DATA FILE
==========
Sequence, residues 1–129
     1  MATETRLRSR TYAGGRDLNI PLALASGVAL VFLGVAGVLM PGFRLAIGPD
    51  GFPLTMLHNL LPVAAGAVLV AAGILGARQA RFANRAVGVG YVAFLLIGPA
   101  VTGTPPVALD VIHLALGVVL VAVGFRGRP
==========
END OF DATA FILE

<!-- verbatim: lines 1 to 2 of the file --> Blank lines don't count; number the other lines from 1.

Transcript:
Sequence, residues 1–129
     1  MATETRLRSR TYAGGRDLNI PLALASGVAL VFLGVAGVLM PGFRLAIGPD